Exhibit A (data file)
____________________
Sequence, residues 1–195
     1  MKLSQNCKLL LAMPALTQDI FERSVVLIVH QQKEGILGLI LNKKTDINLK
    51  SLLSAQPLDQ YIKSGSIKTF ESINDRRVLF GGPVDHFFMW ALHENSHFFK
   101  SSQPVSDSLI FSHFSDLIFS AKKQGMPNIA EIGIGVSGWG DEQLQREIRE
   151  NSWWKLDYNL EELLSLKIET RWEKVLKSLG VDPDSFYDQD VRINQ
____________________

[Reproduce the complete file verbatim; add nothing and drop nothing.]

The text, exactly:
Sequence, residues 1–195
     1  MKLSQNCKLL LAMPALTQDI FERSVVLIVH QQKEGILGLI LNKKTDINLK
    51  SLLSAQPLDQ YIKSGSIKTF ESINDRRVLF GGPVDHFFMW ALHENSHFFK
   101  SSQPVSDSLI FSHFSDLIFS AKKQGMPNIA EIGIGVSGWG DEQLQREIRE
   151  NSWWKLDYNL EELLSLKIET RWEKVLKSLG VDPDSFYDQD VRINQ